Sweeping vistas

BACKDROP: This 1,000-square-foot, 13th-floor penthouse terrace faces north, south and west and offers breathtaking views of Guilford, Tuscany-Canterbury, Roland Park, Charles Village and the entire city.

CONCEPT: With so much space to work with, the owners combine many potted evergreen trees, perennials and annuals with wrought-iron furnishings and a fence they designed using a section salvaged from the terrace below. In keeping with the open, airy space, they prefer pots not too densely planted.

CHALLENGE: Exposed on three sides, the garden’s biggest challenge is the wind. After the pots holding the evergreens blew over and broke, Barnes replaced them with heavy concrete ones, added some new trees and rejuvenated existing ones by careful root-pruning. To keep the soil from blowing away, she pins down sheets of moss that also help to retain moisture, although stones are the best mulch for high-rise gardens, she says.

Out in nature

BACKDROP: Facing east, the 16th-floor balcony of Louise and Bert Grunwald overlooks the verdant treetops that blanket Guilford and Charles Street from Charles Village south to the Inner Harbor.

CONCEPT: The Grunwalds wanted to feel like they were out in nature when they were in their balcony garden. “They wanted it tall and not all about pretty little flowers,” explains Barnes. She designed a garden of year-round interest that includes early spring blooming Siberian weeping pea (a small tree), dwarf pines and scotch broom. She also incorporated plantings in blue and yellow that bloom in fall along with the grasses.

CHALLENGE: Although the balcony is windy, watering is the main challenge, so Barnes focused on drought-resistant plantings. Still, watering is done daily with an automatic hose connected outside that gives the plants a fiveto seven-minute drink of water.

A leafy glade

BACKDROP: Perfect for viewing late summer sunsets, RenŽe and Arnold Packer’s 15th-floor balcony garden faces west, overlooking the Johns Hopkins University campus, as well as the rose garden behind the Ambassador Apartments.

CONCEPT: “I want you to produce a leafy glade,” RenŽe told Barnes in 1999. Barnes worked in conjuction with landscape architect Jonna Lazarus, who designed the garden’s architectural elements, including teak benches, planters and trellises.

CHALLENGE: Wind. “I once had plants almost blown out of the box during a late summer storm,” says Barnes. That’s why she chose lavender ‘Dutch’ and perennial blue mist shrub, which has a deep root system with clusters of blue flowers that produce a gorgeous end-of-summer show.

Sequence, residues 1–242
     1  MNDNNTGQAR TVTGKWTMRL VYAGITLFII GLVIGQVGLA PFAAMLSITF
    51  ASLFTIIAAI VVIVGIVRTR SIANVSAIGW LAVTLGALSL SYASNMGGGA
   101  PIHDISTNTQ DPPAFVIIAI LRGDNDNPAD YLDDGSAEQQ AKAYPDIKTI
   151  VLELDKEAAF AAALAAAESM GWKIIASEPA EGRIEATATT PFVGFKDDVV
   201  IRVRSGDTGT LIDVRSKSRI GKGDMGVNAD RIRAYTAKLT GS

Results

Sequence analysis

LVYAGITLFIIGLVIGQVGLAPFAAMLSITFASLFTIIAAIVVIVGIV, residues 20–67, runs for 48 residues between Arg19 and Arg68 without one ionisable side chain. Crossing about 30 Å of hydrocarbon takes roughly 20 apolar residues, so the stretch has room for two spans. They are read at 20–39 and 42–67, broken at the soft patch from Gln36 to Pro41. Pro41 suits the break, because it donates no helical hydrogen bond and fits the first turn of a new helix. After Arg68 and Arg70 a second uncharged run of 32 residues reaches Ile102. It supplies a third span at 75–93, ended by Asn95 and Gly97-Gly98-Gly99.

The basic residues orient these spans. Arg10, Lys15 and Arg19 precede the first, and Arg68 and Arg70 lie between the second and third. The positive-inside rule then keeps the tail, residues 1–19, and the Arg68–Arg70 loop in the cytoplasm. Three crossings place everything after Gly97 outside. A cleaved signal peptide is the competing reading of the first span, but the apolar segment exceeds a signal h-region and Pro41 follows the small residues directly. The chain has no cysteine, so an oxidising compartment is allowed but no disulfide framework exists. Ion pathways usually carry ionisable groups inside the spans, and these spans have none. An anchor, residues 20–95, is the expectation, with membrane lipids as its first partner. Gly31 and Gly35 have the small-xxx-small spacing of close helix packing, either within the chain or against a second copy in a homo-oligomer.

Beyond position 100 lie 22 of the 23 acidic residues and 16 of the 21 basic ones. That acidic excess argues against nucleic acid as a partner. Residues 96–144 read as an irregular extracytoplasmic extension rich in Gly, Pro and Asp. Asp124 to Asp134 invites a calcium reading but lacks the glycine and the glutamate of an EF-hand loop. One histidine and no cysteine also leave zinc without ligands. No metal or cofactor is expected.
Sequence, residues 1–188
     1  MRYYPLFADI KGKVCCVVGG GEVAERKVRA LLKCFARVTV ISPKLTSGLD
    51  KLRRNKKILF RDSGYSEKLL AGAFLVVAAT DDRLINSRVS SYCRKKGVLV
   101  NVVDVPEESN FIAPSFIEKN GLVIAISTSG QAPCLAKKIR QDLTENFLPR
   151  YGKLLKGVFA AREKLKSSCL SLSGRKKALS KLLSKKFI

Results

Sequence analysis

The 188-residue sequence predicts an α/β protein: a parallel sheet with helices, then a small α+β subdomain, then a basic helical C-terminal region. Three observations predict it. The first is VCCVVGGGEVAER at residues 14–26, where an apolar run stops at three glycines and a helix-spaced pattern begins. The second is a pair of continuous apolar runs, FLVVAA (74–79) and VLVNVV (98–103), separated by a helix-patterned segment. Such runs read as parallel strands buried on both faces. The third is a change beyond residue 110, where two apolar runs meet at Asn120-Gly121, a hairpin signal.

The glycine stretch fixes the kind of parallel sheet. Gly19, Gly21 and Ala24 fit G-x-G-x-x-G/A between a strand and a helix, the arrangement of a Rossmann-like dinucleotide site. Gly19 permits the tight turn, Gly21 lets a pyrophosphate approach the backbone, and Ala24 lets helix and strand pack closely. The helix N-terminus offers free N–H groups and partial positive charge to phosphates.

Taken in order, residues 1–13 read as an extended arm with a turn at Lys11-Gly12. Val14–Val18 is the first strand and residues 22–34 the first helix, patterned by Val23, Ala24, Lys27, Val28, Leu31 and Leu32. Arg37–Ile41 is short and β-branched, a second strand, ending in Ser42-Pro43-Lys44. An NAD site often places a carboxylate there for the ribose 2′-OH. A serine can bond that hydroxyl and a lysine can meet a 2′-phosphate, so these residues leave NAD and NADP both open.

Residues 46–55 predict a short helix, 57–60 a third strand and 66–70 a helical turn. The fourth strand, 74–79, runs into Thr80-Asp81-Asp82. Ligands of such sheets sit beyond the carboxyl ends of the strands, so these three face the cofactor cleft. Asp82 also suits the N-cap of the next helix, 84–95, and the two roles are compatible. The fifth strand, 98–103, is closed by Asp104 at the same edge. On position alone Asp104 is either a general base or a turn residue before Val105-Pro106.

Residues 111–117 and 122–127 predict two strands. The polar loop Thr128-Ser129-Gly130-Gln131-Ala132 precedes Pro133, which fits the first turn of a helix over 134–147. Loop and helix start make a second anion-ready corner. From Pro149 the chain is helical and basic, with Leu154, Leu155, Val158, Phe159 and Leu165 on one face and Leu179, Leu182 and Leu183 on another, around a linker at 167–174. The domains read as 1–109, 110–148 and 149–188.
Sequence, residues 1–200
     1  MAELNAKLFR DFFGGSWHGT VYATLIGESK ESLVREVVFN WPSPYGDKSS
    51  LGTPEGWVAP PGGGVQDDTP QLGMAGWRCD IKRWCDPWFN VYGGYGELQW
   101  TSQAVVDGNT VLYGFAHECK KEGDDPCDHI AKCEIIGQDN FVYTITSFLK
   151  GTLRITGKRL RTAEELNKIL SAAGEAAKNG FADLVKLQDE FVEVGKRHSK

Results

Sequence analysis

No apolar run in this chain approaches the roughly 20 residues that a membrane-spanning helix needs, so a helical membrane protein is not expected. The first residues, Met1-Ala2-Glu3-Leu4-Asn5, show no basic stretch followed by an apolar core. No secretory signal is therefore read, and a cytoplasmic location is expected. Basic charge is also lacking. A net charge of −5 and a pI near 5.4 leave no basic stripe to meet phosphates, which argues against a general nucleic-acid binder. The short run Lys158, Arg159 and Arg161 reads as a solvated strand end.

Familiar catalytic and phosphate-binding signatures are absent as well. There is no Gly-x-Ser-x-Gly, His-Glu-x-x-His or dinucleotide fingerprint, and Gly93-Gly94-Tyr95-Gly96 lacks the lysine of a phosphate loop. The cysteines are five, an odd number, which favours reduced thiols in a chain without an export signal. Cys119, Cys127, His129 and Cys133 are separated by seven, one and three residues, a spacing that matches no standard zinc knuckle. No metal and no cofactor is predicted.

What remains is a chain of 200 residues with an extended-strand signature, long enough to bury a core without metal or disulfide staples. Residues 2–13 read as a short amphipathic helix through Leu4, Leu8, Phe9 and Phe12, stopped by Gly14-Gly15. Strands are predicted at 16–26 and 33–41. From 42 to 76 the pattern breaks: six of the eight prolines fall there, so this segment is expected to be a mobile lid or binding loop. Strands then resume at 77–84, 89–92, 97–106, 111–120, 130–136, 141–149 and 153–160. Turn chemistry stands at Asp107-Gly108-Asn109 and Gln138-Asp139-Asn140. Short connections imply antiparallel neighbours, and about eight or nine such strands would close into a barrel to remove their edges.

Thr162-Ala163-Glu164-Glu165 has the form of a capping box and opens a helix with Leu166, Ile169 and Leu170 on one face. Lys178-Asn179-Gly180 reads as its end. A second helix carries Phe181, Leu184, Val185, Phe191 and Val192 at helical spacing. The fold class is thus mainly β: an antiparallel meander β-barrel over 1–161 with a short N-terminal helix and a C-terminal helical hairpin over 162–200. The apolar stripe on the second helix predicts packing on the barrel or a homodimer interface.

Leigh Barnes’ Tips for Roof- Top Gardening

Use large containers. The greater the soil mass, the greater the success, because of better water retention and more space for roots to grow.

Use lightweight pots: fiberglass, molded plastic or composites made of stone dust and fiberglass, etc. These pots retain moisture better than clay. Weight the bottom of each with stones (cinderblocks or bricks if containers are huge) to prevent them from being blown over.

In planning a terrace garden, think how water will be brought to the plants. An outside spigot is ideal. Available are hose units that fit onto kitchen faucets, as well as a variety of lightweight watering cans. Mulch pots with stones or sheet moss or underplant with small ground cover- all will hold the soil in place.

Drainage is all-important. Be sure drainage holes are in the pots (cover the bottom with a porous material such as coffee filters, fiberglass screening, even newspaper). Many fiberglass pots do not come with holes in the bottom, so ask the garden center to drill several. Always raise pots off the terrace by at least an inch, using pot feet or shims to allow the water to escape.

Choose plants that can withstand dry, windy conditions. Perennials that will live happily in pots for years include: daylillies (‘Happy Returns’ is a lemon yellow that blooms all summer); sedum (s.‘Vera Jameson,’ s. seboldii); coral bells (‘obsidian’with spectacular dark leaves); Siberian iris; lavender ‘Dutch.’ For shady areas, consider hostas combined with ferns and impatiens for color (impatiens will seed in and bloom the following year if the soil is undisturbed). Suggested annuals are surfinia petunias; mini-wave petunias; and new strains of cascading verbenas and lantana (both cascading and upright).

Buy a pair of slip-on shoes. Leave them by the door, so you don’t drag dirt inside.

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